19 September 2019
| THE HEARTBEAT OF WOMEN'S SPORT

What to wear: How to layer-up for a cycle event

June 23, 2016
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Since we announced that we’ve teamed up with Macmillan Cycletta – the UK’s leading series of women-only bike rides. We’ve been posting lots of training advice and tips to help you get to the start-line with confidence. This week we talk about what to wear and how to layer.

Cycletta-team

First, lets get something straight – you don’t need to wear head to toe skin-tight lycra (unless you want to). There are many choices in cycle gear now and to be honest, aside from something to protect your rear end you don’t even need to wear specific cycling gear if you don’t want to. Performance fabrics are practical though, but a running or gym gear will do the job fine.

Layering
On a bike you definitely feel the cold more than if you are, say, running, so don’t get caught out and dress the same. You’ll be moving faster and your upper body will be largely static, so combined with a wind chill factor, this means you need to layer-up to prevent getting cold.

Layering works better than just putting one heavier top on because as soon as you start working harder and warm up you’ll want to start to strip off. However you might find that you later need to layer back on if the weather changes or you are working less hard (e.g. uphill versus freewheeling downhill).

Mix and match

The point of layering is that you can make two or three items work for a wide range of temperatures and conditions. Here’s our list of items you may want to consider:

Base layer top, ideally in a performance fabric. We favour long sleeves as they will prevent sunburn too (and a t-shirt tan line!). This does not need to be skin tight, but equally if it’s too loose and flappy you can get cold. If you don’t want a tight look, layer a looser top over a fitted base layer to prevent drafts.

tops
Left: Vulpine Long sleeve merino t-shirt £35 (on sale) www.vulpine.cc
Right: Boardman Limited Edition Cycle jersey £29.99 www.halfords.com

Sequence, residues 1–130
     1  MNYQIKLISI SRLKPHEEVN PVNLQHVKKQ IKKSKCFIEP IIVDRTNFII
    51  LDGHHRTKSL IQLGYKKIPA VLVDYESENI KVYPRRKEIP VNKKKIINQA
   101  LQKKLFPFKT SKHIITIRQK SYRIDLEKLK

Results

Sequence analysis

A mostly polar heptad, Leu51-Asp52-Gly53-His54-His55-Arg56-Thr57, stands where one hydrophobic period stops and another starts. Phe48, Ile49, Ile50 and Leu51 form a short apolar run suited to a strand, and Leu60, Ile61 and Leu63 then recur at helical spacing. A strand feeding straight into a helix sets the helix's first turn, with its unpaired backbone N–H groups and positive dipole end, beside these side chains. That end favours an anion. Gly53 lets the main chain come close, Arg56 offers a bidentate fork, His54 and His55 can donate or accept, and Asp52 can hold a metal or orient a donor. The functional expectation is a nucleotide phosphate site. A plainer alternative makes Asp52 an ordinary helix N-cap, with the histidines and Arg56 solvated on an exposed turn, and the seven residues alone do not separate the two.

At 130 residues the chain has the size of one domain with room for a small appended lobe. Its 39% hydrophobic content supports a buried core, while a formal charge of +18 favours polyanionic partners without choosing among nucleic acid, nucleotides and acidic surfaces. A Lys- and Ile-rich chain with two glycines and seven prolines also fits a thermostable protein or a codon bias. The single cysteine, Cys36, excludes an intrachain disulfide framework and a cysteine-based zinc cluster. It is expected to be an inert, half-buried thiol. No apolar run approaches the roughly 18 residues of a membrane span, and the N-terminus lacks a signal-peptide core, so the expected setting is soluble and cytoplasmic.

Lightweight water resistant jacket that can be packed away and stuffed in a pocket. The difference between a waterproof jacket and water resistant one generally comes down to whether the seams are sealed (the fabric may be waterproof, but unless the seams are sealed then water can get through) and  waterproof jackets are generally more expensive.

lightweight-jkt
Left: Polaris Aqualite Extreme Waterproof Jacket £50 www.velovixen.com
Right: adidas Infinity Women’s Jacket £50 www.cyclesurgery.com

Shorts or leggings with an element of stretch in the fabric. If you are doing the shorter distances at Cycletta and you’ve practiced a fair bit on your bike, you may be able to get away with your gym leggings. Alternatively invest in some cycle specific shorts.

shorts
Left: dhb Women’s Shorts £25.00 www.wiggle.co.uk
Right: Liv Beliv capri £44.99 www.cyclesurgery.com

Cycling knickers with a light pad to protect your rear! The ultimate layering item – these can be used with your regular gym gear or casual clothes. You could even combine with a loose skirt ( Best to avoid anything over knee length) or skort.

knickers
Left: Urbanist padded knickers £45 www.velovixen.com
Right: Altura Pro Gel Women’s Undershort £19 (on sale) www.cyclesurgery.com

Arm or leg warmers might seem like they are designed for the pro’s but actually they are a great addition to anyones cycling wardrobe. Basically they are just the sleeves or legs, so that when worn with a t-shirt or shorts you can transform to a long version. Generally riders start with them on and then take them off and tuck them in a pocket when they warm up – the advantage being that they are really small to store!

queenofthemountains-armscreens-aqua-02
Left: Queen of the Mountains Arm Warmers (Screens) £29 www.velovixen.com
Right: Etxeondo Luze Leg Warmers £29 www.wiggle.co.uk

Softshell top when the weather starts to get cooler you’ll need a heavier jacket as your top layer. A softshell generally has an element of stretch in the fabric for comfort, is water and windresistant,  but not heavyweight like a hiking jacket. We’ve been testing this one by Madison (below) and it gets gets top-marks for performance, comfort and price point.

Hullavington-cafe

*Sportsister recommends*: Madison Flux Super Light Women’s softshell £119.00 www.madison.cc

Finally – remember, it’s best to have too many layers than too few when you set off. You can take layers off if you get too hot, but if you’re under-dressed and cold there’s nothing you can do and it will be miserable!

Danielle Sellwood, Sportsister
The Women’s Sports Magazine

Join us at Cycletta events in October: www.sportsister.com
Read our training tips here: Macmillan Cycletta – How to train and prepare for the 20-25km (12-15m) event
More kit advice: Padded cycling gear – do I really need it and what are the options?

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